Libya: Seven Years of Failed Western Diplomacy

by | Feb 16, 2018


The approaching seventh anniversary of the “Libyan revolution,” (where the celebratory date was last week arbitrarily moved to the 18th of February — a bit like moving the 4th of July to the 8th) under what a majority of Libyans feel is an illegitimate, solely UN appointed government headed by a man not elected but chosen by foreigners, Prime Minister, Fayez Serraj, is a good time to reflect on the past seven years of abject failure of the West, UN, EU, and NATO in Libya.

At least the new French “boy” President had the honesty to declare recently that it was “a mistake” to remove Gaddafi from power. Most of the other countries involved who led the charge for regime change continue their delusional reflection of the good that has been achieved by their decision.

The UK in particular should be singled out for exceptional hypocrisy because of its insistence that the regime change in 2011 that followed the military action with NATO was a great success.

If polled, most Libyans will not be in any way celebrating the anniversary on now the 18th of February of their “revolution.” Quite the opposite.

That the UK should not admit the disastrous decision to “change” yet another leader of a sovereign nation, Libya, only says they, and America, are willing to participate in similar future follies in places like Syria, Iran, or Venezuela to name a few potential candidates for their continued enthusiasm for regime change.

But to refuse to learn from past mistakes is the ultimate in stupidity and will only mean that this crop of mediocre, sub-standard, inept Western leaders we have will inevitably send us into yet further wars in 2018 — as if the 15 or so current conflicts directly or indirectly supported by Britain and America and its allies are not enough.

Have these politicians in the West no remorse, regret, or indeed shame for their failed military adventures? Obviously not.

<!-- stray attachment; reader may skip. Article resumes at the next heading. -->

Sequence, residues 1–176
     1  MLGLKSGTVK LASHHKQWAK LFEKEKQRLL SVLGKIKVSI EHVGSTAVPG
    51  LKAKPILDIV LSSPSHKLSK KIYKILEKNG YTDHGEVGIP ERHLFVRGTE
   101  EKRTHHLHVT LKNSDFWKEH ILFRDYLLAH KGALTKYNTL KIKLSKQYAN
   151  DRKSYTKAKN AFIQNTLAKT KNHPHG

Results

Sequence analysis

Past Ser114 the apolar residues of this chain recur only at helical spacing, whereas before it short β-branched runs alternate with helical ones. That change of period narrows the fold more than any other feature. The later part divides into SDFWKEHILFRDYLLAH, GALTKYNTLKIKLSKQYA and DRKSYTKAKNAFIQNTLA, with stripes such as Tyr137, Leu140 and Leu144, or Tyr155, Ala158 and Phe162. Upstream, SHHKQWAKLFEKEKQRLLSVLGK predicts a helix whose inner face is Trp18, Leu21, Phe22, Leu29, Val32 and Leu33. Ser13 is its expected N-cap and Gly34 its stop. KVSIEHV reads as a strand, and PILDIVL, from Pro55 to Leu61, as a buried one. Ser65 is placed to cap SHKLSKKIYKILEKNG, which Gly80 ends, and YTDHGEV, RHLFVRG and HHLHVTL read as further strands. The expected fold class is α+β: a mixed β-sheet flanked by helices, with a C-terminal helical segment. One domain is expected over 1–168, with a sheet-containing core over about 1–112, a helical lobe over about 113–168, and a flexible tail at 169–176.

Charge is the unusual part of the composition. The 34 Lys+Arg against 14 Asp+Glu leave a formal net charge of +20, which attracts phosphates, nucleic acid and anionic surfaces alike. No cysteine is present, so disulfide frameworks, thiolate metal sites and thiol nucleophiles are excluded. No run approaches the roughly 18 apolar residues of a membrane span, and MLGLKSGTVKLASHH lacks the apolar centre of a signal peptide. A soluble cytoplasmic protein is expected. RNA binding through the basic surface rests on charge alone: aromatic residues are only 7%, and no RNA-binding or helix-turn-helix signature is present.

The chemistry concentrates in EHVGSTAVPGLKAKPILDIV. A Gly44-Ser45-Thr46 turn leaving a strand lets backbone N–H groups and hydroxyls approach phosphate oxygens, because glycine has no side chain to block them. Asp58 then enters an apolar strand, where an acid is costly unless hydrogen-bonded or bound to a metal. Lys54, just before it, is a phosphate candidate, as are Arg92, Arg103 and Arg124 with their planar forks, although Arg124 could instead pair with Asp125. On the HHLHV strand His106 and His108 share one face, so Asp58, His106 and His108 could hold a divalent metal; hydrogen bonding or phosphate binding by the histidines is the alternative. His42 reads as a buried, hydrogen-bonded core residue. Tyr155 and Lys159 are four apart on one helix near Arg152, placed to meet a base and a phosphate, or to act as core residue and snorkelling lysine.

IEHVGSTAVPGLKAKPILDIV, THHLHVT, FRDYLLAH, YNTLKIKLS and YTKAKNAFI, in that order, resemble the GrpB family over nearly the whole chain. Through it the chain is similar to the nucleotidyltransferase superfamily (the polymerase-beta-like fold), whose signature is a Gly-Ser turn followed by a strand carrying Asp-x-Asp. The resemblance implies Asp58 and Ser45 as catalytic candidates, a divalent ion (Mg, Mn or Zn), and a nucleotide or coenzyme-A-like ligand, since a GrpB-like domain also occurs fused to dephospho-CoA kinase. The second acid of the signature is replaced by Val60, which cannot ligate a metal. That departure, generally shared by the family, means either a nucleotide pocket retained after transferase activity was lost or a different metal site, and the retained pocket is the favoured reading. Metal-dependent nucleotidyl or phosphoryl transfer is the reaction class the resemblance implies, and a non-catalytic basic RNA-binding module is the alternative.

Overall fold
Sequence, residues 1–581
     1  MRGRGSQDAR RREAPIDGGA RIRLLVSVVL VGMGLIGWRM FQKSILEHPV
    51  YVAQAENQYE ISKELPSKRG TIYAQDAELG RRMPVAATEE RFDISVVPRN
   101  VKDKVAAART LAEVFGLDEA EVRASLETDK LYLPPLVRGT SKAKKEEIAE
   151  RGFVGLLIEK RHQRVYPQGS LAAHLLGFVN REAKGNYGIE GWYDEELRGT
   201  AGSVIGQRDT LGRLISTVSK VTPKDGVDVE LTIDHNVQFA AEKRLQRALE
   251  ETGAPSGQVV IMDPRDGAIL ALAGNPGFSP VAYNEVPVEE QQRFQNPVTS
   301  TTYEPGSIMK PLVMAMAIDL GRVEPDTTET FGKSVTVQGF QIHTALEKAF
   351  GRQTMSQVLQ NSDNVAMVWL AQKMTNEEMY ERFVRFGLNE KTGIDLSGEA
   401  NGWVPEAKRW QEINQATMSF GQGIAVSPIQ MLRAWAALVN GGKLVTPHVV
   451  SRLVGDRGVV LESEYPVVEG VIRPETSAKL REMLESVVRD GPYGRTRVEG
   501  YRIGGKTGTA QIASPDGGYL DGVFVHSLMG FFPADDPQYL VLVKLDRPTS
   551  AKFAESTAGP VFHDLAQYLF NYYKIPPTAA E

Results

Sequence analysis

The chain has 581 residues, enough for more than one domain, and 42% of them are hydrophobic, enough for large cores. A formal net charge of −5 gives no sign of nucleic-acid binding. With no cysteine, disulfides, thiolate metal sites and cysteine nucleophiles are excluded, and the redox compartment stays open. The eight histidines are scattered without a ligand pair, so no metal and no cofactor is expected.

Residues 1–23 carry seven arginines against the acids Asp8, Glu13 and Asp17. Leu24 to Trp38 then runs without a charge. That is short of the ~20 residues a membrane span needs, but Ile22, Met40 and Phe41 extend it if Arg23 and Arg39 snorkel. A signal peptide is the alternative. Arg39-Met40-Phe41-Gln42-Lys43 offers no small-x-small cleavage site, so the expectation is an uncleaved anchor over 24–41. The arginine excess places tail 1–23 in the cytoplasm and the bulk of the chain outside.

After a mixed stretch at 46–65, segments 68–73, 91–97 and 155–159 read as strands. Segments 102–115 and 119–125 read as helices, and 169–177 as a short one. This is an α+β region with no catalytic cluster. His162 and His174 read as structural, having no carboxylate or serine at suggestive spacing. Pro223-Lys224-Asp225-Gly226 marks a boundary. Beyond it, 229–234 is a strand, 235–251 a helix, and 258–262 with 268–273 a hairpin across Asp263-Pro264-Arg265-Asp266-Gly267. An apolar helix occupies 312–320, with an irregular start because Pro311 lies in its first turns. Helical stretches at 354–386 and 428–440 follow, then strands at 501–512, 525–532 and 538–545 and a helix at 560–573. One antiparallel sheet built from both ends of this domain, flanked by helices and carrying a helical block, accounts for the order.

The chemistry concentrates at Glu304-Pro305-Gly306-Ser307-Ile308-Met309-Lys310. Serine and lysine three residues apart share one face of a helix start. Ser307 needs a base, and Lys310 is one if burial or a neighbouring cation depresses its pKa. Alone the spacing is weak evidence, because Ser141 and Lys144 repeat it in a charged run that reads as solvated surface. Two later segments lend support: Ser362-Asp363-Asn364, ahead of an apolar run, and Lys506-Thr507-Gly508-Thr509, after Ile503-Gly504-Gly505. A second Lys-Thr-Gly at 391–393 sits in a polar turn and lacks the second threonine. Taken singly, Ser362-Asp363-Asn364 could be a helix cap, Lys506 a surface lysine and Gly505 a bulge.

Perhaps it suffices just to let the British Foreign and Commonwealth Office describe their idiosyncratic beliefs that are completely contradicted by reality or rational argument — a symptom of what can only be described as a collective mental disorder.

So read their words and form your own judgement.

Change of Her Majesty’s Ambassador to Libya in February 2018

Mr Frank Baker will take up his appointment as Ambassador to Libya in February 2018.

Foreign Secretary Boris Johnson said:

The UK is at the forefront of diplomatic work with the Libyan government (Authors note: Which Libyan Government?) and our international partners to help bring stability to Libya. If left unchecked the violence and ungoverned space will only increase the challenges from illegal migration and terrorism. These are issues that matter to the people of Libya, but also to people here in the UK.

Frank has served the UK well as our ambassador to Iraq (Authors Note: a place where another successful regime change occurred…or perhaps not). I look forward to working together with him to help Libya make progress towards the political solution and more secure future it so deserves.

Commenting on his appointment, Mr. Baker said:

I am honoured to be the new British Ambassador to Libya.

Britain and Libya have a long history.

Over the coming weeks I will listen to and learn from people across Libya and discuss how we can work together to achieve our common interests.

The vast majority of Libyan people would probably respond to him something like this:

“We don’t have weeks for your ‘on the job learning’ and by the way, please leave our country so we can solve our own problems.”

It is now abundantly clear that if there is to be any foreign involvement towards bringing peace to Libya it would not come from UN or EU efforts. The United Nations Support Mission in Libya (UNSMIL), the UK, and Europe’s plans for Libya are dead and gone for all realistic intents and purposes. They just haven’t bothered yet to organise the funeral.


  • Richard Galustian

    Richard Galustian is a senior consultant to several international corporations involved in Libya and the greater Middle East and North Africa.